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Microsoft kicks SUSE another $100m

Keeping Red Hat out of Windows shops

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The SUSE division of Attachmate has managed to talk Microsoft into shelling out another chunk of change – $100m – to help prop up SUSE Linux Enterprise Server, the Linux distro formerly controlled by Novell, and to help drive Red Hat's rival distro from Windows shops.

This is the third reseller agreement that Microsoft has inked with the owner of SUSE Linux, which is the number two commercial Linux and considerably behind rival Red Hat in terms of revenues and support customers. Number two has to try harder, and it often needs the help of a behemoth such as Microsoft, which wants to be able to demonstrate alternatives to itself in the market but also to have control over those alternatives.

Hence the original $240m deal to redistribute 70,000 SLES licenses in Windows shops, which Microsoft and Novell signed back in November 2006. That deal also included provisions to work on interoperability between Windows and SUSE Linux and their respective server virtualization hypervisors, Hyper-V and Xen.

The financial details of the deal were not available at the time, but as El Reg reported in early 2010, Microsoft got those original certificates at a 45 per cent discount off then-current list prices back in 2006 and 2007, and by 2010 most of these three-year contracts were up for renewal, and Novell had changed prices so much that it was only able to renew the contracts at 10 to 20 per cent of their original value.

Although it was not obvious at the time, Microsoft didn't just give away SUSE Linux licenses for free, but rather charged customers for the SLES support licenses. "They're competitively priced, they are not just handed out to the customer for free," explains Frank Rego, senior product manager at SUSE, the Linux division that was carved out separately from the rest of Novell after Attachmate took control of it back in April.

In August 2008, Microsoft and Novell inked a $100m follow-on deal for SUSE Linux certificates, which was set to expire. This deal was done when Novell had only invoiced $157m of the original $240m worth of certificates, and it's hard to think of these deals as anything more than a lifeline to keep Novell – and now SUSE – competing against Red Hat in places where Windows falls on deaf ears.

As El Reg went to press, Rego did not know how much of the 2008 $100m deal had been burned through by Novell and now SUSE, but he said that the new $100m deal supersedes the old $100m deal, which was set to expire in January 2012. The new $100m deal runs through January 2016.

An interesting tidbit appeared in the joint Microsoft-SUSE announcement on the new deal: only 725 customers have bought SUSE Linux support under the agreement. That's a lot of money for a relatively small number of customers.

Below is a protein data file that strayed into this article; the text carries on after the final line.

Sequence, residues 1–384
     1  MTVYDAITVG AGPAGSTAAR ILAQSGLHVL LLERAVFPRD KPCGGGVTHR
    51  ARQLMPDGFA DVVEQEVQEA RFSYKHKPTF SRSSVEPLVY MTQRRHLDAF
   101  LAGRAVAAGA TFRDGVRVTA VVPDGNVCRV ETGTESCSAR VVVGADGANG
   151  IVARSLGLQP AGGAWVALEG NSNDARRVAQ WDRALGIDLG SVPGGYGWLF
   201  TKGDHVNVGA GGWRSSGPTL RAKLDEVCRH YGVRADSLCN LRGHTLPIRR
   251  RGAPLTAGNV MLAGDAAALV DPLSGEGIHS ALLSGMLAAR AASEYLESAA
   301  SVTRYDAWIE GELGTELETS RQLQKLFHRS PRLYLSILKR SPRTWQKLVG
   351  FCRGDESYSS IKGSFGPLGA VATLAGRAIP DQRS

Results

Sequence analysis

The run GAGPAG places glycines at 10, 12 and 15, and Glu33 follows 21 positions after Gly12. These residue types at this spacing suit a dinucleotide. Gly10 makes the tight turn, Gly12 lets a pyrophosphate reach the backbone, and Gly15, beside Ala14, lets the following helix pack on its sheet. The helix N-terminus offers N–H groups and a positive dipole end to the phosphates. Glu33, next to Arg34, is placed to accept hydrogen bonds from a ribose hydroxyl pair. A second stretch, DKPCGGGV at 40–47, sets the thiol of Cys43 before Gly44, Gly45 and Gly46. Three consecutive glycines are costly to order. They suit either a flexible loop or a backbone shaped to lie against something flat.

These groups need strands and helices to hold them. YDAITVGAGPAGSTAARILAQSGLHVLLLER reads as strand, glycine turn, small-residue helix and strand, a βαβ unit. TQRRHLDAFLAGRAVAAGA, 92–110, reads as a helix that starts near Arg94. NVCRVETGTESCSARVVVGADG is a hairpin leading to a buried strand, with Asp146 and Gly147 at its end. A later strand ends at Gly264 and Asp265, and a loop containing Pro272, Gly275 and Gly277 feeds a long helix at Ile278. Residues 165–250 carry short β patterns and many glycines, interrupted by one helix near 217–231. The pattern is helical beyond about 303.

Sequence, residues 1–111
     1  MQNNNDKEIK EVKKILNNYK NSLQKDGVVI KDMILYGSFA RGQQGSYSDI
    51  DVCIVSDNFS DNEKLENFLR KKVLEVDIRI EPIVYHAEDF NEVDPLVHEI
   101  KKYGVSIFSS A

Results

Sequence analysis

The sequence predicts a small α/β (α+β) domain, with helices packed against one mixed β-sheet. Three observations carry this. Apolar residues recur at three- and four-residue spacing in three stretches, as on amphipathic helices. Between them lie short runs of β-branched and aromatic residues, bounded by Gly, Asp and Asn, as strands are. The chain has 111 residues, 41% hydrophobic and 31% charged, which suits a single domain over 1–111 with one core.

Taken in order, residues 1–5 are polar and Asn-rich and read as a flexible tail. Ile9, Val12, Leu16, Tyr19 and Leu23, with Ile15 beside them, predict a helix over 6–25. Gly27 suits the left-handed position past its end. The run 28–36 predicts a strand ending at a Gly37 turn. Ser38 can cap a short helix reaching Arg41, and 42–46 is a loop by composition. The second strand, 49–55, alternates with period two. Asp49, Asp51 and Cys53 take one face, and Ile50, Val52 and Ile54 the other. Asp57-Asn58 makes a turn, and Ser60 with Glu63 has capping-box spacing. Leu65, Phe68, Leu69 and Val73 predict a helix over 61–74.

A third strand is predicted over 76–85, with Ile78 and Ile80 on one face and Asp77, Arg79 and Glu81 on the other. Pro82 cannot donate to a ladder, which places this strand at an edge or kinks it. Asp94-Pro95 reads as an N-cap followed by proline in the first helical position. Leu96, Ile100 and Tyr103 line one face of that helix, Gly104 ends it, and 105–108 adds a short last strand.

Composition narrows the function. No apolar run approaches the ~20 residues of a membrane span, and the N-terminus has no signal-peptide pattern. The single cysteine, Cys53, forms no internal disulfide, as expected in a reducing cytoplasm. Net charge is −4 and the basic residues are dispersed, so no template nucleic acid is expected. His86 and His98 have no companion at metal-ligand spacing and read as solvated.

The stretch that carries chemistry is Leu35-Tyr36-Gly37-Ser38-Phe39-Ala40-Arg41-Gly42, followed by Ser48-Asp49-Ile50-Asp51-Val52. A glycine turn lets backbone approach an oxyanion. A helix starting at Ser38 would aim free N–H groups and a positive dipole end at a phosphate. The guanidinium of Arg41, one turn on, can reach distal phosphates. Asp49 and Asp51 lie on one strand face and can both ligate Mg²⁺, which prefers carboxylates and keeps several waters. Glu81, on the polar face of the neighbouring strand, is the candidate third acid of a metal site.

In fact, it is so much money that it's fair to argue that Novell would have imploded without the Microsoft cash injections and sold for a lot less money than the $2.2bn that Attachmate paid to get control of it. (The net cost to Attachmate was less than half of that, however, thanks to the cash Novell had on hand and another $450m that a consortium led by Microsoft paid for 880 of Novell's patents.)

Rego says that the SUSE Linux certificate distribution deal that Microsoft did with Novell was global, and was well received in both North America and Europe. Customers who got the certificates paid Microsoft a fee for them – how much is confidential, but it is reasonable to assume it was whatever number made it beat Red Hat Enterprise Linux in Windows shops – and could thereafter engage with either Microsoft to renew their support subscriptions by acquiring more certificates or renew through Novell directly. "For the most part, we have been able to renew most of the customers," says Rego.

But obviously the revenue stream came down as Novell's prices were cut to compete with Red Hat. With SUSE Linux 11, Novell charged by the server, while Red Hat charged for every two sockets in a server for the base product, and charged a higher price for Advanced Platform, which had no CPU socket caps and had unlimited virtualization, as well.

This is a big difference when it comes to the revenue stream, and Novell's inability to make money on Linux showed it all too well. Novell admitted in February 2010 that it had not been making money with Linux and had only just broken even.

Now that SUSE is part of Attachmate, a privately held company backed by private equity firms Francisco Partners, Thoma Bravo, and Golden Gate Capital, we'll probably not have a sense of how SUSE Linux is doing financially – until they sell it. ®

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